Perhaps befitting a film that seeks to unite two of the biggest action stars from opposite sides of the globe, Skin Trade itself seems to exhibit something of a split personality. The first half hour of the film plays out like you would expect a by-the-numbers Dolph Lundgren actioner to unfold, with Dolph on the hunt for a vicious Serbian gangster (played by Ron Perlman) who traffics women to be sold as slaves in Asia. It’s unclear just why Dolph has such a vendetta against Perlman, except for the fact that he’s a genuinely nasty piece of work, but when Perlman places a hit on Dolph’s family, it’s safe to say that things have become personal. This is the kind of revenge plot that would be set-up within the first ten minutes of a Steven Seagal flick, but for some reason takes three times as long here.
Fortunately, once Dolph Lundgren wakes up in the hospital seeing red, he hops a plane to Thailand and the real movie begins. In Asia, he crosses paths with Tony Jaa’s Thai detective – but if you were expecting the two of them to put aside their cultural differences and get to stopping Ron Perlman together, then you clearly haven’t read a comic book crossover in which our two heroes must first slug it out with each other before they can team-up. And once it does arrive, the Dolph Lundgren vs. Tony Jaa title match is well worth the wait. These two radically different combatants go at each other in a knock-down, drag-out brawl that thankfully doesn’t suffer from too much of the choppy editing that has ruined many a highly-anticipated bout (anyone remember Jet Li vs. Mark Dacascos in Cradle 2 the Grave?).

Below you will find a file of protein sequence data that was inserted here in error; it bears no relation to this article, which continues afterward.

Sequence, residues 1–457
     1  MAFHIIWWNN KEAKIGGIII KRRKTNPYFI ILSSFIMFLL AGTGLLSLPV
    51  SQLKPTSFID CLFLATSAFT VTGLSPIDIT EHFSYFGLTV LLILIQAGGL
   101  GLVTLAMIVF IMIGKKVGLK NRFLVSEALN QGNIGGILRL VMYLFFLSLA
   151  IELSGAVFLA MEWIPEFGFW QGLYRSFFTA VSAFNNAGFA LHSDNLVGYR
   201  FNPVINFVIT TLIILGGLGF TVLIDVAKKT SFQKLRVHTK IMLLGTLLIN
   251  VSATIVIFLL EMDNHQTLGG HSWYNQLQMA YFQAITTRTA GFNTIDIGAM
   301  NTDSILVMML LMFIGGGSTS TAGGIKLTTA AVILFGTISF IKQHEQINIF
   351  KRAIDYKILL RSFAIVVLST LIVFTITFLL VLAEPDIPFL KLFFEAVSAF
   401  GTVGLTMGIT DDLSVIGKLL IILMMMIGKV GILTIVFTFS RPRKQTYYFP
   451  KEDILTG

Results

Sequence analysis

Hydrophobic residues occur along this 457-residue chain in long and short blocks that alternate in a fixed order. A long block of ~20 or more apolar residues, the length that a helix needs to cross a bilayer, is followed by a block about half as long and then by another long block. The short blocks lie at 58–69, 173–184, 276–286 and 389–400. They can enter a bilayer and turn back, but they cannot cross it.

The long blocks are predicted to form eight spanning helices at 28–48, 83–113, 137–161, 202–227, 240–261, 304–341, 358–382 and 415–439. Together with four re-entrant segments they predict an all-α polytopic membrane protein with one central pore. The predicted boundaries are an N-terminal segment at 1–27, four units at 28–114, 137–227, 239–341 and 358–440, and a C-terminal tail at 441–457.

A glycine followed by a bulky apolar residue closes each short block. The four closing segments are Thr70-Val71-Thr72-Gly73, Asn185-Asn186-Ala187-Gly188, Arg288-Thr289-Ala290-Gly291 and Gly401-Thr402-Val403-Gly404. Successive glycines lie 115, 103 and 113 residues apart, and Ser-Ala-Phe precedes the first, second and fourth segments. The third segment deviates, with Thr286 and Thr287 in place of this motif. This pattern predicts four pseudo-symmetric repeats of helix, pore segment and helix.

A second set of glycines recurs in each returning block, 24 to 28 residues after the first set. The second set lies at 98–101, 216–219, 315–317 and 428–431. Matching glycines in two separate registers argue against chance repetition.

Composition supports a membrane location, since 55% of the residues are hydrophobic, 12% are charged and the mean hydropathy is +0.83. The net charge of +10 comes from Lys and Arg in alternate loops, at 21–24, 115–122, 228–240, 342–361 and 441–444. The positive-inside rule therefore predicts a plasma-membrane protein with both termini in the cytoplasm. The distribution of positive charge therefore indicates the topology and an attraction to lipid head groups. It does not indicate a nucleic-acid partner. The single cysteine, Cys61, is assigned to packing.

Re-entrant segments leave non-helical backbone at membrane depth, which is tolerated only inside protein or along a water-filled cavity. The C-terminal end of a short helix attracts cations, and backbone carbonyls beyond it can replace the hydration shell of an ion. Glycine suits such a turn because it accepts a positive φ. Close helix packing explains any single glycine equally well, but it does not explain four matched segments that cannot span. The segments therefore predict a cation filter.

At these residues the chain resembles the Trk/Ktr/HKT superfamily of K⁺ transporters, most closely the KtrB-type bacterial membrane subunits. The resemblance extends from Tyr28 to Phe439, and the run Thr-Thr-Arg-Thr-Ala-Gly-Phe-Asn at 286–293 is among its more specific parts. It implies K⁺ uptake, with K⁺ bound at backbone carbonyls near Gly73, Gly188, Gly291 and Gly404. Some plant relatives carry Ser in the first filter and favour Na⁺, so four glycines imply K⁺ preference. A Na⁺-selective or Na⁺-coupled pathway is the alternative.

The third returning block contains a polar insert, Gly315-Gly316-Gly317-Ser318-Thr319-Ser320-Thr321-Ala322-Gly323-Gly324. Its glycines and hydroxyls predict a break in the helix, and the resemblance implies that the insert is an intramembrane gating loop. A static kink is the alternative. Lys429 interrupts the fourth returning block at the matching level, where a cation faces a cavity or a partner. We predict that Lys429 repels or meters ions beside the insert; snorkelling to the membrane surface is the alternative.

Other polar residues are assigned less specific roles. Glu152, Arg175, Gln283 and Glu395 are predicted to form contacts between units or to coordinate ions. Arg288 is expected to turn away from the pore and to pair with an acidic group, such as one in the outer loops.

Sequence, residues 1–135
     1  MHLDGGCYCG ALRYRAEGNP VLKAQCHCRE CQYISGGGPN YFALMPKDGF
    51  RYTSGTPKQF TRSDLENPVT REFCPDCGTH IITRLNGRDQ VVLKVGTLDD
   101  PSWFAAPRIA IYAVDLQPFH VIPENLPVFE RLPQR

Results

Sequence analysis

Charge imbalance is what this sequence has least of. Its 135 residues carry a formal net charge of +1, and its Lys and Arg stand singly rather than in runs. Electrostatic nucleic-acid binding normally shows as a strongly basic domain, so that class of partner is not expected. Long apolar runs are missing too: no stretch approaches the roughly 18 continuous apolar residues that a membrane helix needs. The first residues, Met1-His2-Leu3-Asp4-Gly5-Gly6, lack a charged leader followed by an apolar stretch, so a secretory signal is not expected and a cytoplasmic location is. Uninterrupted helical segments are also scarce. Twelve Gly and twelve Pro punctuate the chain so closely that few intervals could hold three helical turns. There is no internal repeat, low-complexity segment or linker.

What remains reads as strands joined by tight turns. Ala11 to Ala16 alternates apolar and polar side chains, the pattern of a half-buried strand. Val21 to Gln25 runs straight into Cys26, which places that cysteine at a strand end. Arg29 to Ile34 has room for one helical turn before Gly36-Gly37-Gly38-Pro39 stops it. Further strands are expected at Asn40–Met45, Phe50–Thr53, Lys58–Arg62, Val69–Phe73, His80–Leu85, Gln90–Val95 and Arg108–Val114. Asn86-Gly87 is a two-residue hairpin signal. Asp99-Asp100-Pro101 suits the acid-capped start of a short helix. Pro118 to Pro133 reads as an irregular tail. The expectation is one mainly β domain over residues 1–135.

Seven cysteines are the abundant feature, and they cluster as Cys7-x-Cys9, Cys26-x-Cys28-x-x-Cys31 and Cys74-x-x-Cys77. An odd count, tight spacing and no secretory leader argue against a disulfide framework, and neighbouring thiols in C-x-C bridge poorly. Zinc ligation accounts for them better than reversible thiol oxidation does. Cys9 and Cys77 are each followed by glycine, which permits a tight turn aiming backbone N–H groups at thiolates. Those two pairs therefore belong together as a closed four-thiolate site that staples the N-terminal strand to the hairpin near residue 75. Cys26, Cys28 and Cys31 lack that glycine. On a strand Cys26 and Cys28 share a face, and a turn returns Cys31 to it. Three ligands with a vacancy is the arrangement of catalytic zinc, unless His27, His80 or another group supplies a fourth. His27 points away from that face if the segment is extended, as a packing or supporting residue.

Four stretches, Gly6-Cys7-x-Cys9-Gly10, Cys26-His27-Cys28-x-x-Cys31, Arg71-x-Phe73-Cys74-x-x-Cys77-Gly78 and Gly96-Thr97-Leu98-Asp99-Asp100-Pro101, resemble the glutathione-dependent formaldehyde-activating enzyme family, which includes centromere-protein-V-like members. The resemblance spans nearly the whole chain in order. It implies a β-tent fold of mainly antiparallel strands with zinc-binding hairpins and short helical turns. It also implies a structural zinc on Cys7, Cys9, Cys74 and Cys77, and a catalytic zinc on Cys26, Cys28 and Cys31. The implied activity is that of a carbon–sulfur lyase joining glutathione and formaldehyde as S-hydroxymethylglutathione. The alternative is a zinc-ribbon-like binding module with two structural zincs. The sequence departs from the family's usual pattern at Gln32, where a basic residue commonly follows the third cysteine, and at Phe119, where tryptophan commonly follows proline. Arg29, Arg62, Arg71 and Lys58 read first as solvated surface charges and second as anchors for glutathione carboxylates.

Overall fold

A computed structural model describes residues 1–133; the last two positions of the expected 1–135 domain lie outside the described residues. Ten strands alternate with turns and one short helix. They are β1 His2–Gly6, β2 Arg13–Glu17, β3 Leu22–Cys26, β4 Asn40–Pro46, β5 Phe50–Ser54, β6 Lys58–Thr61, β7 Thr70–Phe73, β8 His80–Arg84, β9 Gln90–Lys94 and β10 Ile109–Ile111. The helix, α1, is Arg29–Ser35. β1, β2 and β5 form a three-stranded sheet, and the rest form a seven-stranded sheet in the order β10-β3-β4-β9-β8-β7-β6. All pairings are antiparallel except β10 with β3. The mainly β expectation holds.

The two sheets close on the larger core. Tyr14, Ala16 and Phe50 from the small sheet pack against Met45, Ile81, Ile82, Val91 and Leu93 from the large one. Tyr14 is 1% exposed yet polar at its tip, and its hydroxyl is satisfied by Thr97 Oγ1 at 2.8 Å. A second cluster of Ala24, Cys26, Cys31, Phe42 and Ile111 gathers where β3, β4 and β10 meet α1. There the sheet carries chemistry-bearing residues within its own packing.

If that weren’t enough, their scuffle might just be bested later on when Tony Jaa squares off against Michael Jai White. The fight choreography is frequently captured from a far-off distance, which is a boon in that it allows us to see the athleticism of our combatants; however, it has the adverse side effect of underselling the drama of the fight. Since we never really cut to a close-up, the film fails to sell us on the emotions of the actors. Thus, I often had the impression I was watching two highly trained stunt people hit their marks rather than two characters engaged in a dramatically-charged conflict. It might seem like a small quibble in a direct-to-video flick, but the viewer should have a reason to care about the combat unfolding besides the fact that it features two of their favorite action stars.